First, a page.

These are super hard times. We are not only under a viral threat, but we’re also locked up at home with the children, and as much as we love them, and we do – let’s admit it. This is crazy hard.
Check-In With Yourself
When we are in a state of confusion, in sever lack of clarity, we tend to fall to stress and anxiety, and it’s normal. If you’ve been feeling overwhelmed or close to your edge, you’re not alone. Not knowing what’s going on or how long it’s going to take, and what you can do to make your life easier is unbearable. We need to be able to see the light at the end of the tunnel, and currently, it’s still quite dark.
Moreover, when we feel freedom, autonomy, and space slipping away from us, we are much more likely to come to patterns of anger, frustration, and yelling and make all this even harder.
The following tips are meant to take off the edge, decrease the fights and power struggles at home, and help us maintain a positive mindset during this challenging time.
It’s okay for the house to be less clean. It’s okay to have clutter lying around. It’s okay for the dishes to take longer, and it’s okay for the laundry to wait. Our human needs are more important than the needs of the house.
It’s okay for the children to meltdown more often, express their big feelings, to be needier than the usual. It’s okay for them to demand more from us as this period is much harder on them than it is on us. The social isolation is not only a massive shift to their routine, but it also goes against their existential needs. Kids need to play, to laugh, to run around, to be outside, and just be kids. If you’re in a country where you can’t leave the house, your children must be feeling like caged animals.
Drop as many rules as you can without undermining your values, of course. Be easier on everything. And treat yourself and those around you in the same way.
Practice The Art of Letting Go
Most things don’t matter. Think about it, and you’ll see it, too. Many of the things we fight about, the behaviors we correct, our disagreements, and our disconnections are rooted in things that don’t matter.
Use the 10-10-10 rule to find what does matter, and let go of the rest. Ask yourself these questions before you engage in a heated exchange of words:
Will this matter in 10 minutes? Will this matter in 10 days? Will this matter in 10 years?
“Fight” for the things that will matter in 10 years. Everything else is just not worthy of your connection with your family.
Don’t Try to Be Someone You Aren’t
Many of the people (and mothers) I talk to are worried about their children’s schooling and embark on a homeschooling journey that will probably sabotage their relationships. Many mothers feel obliged to supplement the educational system, but this is not our job. We’re parents, and unless homeschooling is something we chose because it is right for us, we should stick to parenting.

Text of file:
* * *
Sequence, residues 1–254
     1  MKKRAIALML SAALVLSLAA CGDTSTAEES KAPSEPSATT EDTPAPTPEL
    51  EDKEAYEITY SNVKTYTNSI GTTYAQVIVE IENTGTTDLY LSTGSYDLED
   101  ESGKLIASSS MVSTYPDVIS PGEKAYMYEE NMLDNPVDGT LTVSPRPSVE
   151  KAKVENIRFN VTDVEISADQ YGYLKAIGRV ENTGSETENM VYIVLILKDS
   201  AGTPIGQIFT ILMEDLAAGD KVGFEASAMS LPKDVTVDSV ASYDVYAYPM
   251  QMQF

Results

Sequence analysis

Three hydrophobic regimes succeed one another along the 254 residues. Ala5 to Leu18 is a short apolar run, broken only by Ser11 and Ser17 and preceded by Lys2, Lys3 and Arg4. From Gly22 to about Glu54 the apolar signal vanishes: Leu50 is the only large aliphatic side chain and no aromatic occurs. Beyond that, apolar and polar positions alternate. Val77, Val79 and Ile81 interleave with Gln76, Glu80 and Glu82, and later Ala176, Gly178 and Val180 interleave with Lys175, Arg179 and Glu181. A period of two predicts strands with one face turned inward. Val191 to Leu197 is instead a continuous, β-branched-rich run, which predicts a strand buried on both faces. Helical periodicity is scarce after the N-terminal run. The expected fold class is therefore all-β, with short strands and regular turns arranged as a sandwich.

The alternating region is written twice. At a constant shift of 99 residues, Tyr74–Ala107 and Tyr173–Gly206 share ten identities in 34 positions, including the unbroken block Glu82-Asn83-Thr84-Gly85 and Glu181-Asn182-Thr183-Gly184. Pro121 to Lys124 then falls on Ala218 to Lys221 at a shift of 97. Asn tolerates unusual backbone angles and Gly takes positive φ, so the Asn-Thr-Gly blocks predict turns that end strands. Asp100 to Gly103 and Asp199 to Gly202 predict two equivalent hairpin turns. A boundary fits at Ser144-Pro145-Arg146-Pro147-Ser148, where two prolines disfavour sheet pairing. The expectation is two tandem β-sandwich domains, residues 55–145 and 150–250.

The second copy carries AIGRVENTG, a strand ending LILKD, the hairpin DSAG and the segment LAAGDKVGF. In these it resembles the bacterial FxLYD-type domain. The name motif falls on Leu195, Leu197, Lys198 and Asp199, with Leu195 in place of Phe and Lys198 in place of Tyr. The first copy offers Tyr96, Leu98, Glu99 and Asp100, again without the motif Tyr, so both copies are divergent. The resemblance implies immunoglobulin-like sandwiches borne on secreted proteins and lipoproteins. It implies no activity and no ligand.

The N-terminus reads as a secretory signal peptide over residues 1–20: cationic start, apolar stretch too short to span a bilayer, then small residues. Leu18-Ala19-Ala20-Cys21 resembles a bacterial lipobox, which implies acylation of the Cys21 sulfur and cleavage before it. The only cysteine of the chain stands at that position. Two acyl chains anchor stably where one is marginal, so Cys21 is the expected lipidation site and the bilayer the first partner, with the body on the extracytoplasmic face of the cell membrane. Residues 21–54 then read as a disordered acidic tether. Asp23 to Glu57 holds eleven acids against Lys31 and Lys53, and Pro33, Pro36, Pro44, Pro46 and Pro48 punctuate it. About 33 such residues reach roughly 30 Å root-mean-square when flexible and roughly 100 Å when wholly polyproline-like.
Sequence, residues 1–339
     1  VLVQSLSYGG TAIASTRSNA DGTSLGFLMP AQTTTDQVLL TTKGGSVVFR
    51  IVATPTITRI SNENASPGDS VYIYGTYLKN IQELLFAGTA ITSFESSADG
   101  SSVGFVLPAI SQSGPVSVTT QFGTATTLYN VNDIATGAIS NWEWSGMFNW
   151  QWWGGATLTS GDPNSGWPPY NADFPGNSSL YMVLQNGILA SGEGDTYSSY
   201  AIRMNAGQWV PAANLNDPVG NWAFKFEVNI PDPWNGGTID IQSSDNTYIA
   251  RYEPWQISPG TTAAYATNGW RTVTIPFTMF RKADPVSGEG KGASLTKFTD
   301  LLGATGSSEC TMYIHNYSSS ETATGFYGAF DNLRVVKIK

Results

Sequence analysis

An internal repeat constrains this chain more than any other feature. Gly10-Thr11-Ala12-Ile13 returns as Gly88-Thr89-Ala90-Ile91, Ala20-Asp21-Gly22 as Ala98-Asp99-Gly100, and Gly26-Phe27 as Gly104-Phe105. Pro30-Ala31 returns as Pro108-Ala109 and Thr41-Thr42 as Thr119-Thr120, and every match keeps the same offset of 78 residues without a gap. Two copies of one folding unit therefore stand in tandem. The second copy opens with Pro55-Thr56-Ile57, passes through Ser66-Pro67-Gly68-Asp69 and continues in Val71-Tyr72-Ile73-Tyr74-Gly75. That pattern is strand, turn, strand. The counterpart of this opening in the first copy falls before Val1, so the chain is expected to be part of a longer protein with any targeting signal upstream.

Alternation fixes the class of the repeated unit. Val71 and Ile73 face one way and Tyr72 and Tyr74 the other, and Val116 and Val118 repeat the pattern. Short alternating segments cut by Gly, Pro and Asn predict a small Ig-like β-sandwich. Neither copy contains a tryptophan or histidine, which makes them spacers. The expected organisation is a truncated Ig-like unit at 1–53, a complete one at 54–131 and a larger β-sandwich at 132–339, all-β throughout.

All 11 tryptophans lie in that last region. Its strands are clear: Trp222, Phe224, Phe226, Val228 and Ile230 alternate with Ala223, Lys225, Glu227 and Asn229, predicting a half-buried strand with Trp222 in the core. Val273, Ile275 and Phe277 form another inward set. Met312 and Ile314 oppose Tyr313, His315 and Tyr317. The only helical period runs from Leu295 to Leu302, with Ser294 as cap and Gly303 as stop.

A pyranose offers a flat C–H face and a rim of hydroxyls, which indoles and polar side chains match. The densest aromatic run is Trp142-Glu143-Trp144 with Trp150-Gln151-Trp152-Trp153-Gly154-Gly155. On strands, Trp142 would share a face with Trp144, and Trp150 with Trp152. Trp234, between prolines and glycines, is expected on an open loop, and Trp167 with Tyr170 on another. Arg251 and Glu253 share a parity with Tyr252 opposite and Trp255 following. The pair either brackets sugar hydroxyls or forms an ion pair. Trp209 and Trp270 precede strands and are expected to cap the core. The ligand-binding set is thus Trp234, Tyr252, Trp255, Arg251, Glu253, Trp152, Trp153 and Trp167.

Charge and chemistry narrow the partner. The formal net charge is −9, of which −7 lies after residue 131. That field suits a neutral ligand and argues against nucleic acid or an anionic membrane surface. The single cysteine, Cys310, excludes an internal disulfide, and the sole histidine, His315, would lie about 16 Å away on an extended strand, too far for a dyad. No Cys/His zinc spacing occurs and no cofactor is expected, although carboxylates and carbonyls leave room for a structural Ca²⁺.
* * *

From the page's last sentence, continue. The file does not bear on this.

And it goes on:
Our children need their parents now, not teachers if we haven’t been teaching them until now. They need our support, out love, understanding, communication, and patience. All these traits are likely to be lost if we try to make our house into something that it isn’t.
Be you. Be happy. This might just end up being the best period in your family life 🙂
We underestimate the power of authentic self-expression. We work so hard trying to always be positive with the kids, to use pleasant language, always to be “nice,” that we don’t give our feelings the space that they deserve. And our feelings and thoughts are not always the nicest, and it is okay, so very okay.
It’s okay to say things aloud. It’s okay to wish for the kids to be away again, it’s okay to wish your husband wasn’t home so much! It’s okay to want to go back to the office so very badly. Everything that you are feeling is OKAY. Say anything and everything on your mind. Not to those people themselves, but to a good friend, in a rant post on Facebook, or behind a closed shower door.
Vent freely. You will feel much better afterward.
When everyone is finally asleep, pamper yourself with whatever makes you happy. We all need something to anticipate, wait for, and anchor our emotions in. Let the evening time be your ray of light. Plan it, invest in it, think about it, and do it.
A guilt-free rant with a good friend, a long shower, your favorite Roquefort, and a glass of wine (yes – this is my pleasure), a movie or binge-watching Netflix – do anything you can to lift you and do it with all your heart!
These six tips are guaranteed to make your period in quarantine easier and more enjoyable and help you keep your patience around the kids and in general.
I’m now running a five-day patience challenge in my Facebook group, feel free to follow the link, join and learn the essential tools to mindful living – I’d love to get to know you 🙂
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